- Law firms
- Related documents
- Gibson's new antitrust co-chair was on the team for semiconductor maker
- Broadcom disputed anticompetitive claims
The company and law firm names shown above are generated automatically based on the text of the article. We are improving this feature as we continue to test and develop in beta. We welcome feedback, which you can provide using the feedback tab on the right of the page.
Gibson, Dunn & Crutcher and Latham & Watkins represented Broadcom Inc in an antitrust settlement announced on Friday that requires the semiconductor maker to stop demanding that its customers buy source components from the California-based tech company.
The Federal Trade Commission said in bringing its action against Broadcom that the agency was "pushing back against strong-arm tactics by a monopolist in important markets for key broadband components." In a statement, Broadcom disputed the FTC's claim that the company's anticompetitive behavior required its customers to purchase source components exclusively or mostly from Broadcom, and it disagreed with the agency's characterization of its business.
Washington, D.C.-based Gibson Dunn partner Stephen Weissman, co-chairman of the firm's antitrust and competition practice, was on the team for Broadcom, according to the proposed consent order.
Weissman and fellow former Baker Botts partner Michael Perry joined the firm in March as part of a wave of new hiring in the antitrust space. Weissman formerly was a deputy director of the FTC's competition bureau. Perry earlier served as counsel to the director of the FTC competition bureau.
San Francisco-based Latham antitrust partner Daniel Wall also was on the team for Broadcom. Wall, a former chairman of the firm's antitrust practice, worked with Latham litigation partner Joshua Holian, who focuses on antitrust.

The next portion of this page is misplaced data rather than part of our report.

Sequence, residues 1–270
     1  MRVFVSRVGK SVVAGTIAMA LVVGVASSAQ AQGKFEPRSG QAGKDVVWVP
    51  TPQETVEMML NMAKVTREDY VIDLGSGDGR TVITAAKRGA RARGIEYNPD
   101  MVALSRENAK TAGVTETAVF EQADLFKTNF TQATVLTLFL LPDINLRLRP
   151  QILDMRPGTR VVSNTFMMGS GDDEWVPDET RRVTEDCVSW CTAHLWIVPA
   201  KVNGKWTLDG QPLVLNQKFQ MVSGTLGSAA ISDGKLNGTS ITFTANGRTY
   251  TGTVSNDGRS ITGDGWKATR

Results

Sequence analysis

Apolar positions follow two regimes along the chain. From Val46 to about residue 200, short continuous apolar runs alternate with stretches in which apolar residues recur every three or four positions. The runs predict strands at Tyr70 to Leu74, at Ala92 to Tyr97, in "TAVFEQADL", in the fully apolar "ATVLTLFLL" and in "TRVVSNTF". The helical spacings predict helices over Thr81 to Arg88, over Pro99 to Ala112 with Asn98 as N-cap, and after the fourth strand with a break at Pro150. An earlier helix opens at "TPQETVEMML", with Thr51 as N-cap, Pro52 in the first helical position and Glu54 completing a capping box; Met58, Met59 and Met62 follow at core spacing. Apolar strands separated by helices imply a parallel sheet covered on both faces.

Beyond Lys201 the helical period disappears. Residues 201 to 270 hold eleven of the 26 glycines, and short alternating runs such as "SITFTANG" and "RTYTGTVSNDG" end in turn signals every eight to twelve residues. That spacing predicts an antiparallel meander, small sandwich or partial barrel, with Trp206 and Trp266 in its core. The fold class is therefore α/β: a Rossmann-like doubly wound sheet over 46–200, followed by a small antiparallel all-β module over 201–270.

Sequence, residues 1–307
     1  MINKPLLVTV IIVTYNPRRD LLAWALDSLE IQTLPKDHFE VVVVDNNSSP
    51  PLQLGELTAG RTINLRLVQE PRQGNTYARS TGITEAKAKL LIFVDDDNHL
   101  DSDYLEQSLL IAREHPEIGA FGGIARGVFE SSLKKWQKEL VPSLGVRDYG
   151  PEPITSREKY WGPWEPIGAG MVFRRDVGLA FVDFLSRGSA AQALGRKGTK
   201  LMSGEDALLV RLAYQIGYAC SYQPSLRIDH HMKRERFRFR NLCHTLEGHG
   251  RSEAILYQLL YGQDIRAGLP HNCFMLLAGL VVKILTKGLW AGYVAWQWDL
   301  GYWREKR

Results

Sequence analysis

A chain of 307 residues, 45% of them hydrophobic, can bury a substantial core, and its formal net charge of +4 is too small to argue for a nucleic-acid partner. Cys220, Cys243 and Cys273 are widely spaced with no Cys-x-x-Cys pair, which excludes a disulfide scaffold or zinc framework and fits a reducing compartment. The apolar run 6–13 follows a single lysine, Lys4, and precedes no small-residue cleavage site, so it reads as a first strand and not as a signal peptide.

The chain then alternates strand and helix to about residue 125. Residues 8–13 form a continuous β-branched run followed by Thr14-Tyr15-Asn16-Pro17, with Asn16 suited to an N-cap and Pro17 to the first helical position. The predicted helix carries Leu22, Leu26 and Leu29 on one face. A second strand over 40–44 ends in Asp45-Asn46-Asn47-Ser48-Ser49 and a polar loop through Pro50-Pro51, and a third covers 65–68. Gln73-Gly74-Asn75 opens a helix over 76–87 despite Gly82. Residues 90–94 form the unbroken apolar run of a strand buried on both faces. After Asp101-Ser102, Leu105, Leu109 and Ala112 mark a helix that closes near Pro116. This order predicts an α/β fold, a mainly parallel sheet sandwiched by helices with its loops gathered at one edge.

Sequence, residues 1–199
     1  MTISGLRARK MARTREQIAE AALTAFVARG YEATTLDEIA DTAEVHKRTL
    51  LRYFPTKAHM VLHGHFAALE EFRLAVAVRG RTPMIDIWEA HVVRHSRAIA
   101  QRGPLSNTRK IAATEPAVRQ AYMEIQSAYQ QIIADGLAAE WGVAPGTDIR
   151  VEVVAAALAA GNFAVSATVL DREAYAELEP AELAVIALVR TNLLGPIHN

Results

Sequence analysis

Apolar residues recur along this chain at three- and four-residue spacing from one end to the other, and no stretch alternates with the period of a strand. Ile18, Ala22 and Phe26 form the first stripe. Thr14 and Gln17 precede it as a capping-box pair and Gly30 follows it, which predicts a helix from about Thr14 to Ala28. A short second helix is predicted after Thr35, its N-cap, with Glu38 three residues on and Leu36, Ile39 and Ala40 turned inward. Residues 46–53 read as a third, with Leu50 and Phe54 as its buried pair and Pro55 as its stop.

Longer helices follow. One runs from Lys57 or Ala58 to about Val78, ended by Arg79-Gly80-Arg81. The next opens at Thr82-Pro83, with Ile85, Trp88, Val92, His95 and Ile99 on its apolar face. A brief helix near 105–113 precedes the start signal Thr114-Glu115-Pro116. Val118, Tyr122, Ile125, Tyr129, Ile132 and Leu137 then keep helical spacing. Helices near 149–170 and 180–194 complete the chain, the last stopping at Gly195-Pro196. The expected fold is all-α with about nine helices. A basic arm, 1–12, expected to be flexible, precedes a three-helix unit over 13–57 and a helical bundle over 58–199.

Representatives from Gibson Dunn and Latham declined to comment.
Latham, like Gibson Dunn, made antitrust-focused hires in recent months as the new Biden administration put renewed attention on competition-related enforcement.
In March, Latham said it hired Ian Conner from the FTC, where he had been the competition bureau director. Conner oversaw the agency's filing of an antitrust case in Washington federal trial court against Facebook Inc. A judge last month dismissed the FTC's case but gave the agency until July 29 to bring any new complaint.
Lawyers from Latham are representing insurance broker Aon plc in the Justice Department's antitrust suit seeking to block the company's $30 billion bid for Willis Towers Watson. Six partners, including Conner, have made appearances.
FTC attorney Kathleen Clair of the competition bureau signed the Broadcom consent order with Mark Woodward, the bureau's deputy assistant director; Geoffrey Green, assistant director of the bureau; and Maribeth Petrizzi, acting director of the bureau.
The case is In the matter of Broadcom Inc, U.S. Federal Trade Commission, No. 181-0205.
For Broadcom: Stephen Weissman of Gibson, Dunn & Crutcher, and Daniel Wall of Latham & Watkins
For the FTC: Kathleen Clair, Mark Woodward, Geoffrey Green and Maribeth Petrizzi
Note: This story has been updated to reflect that lawyers from Latham declined to comment.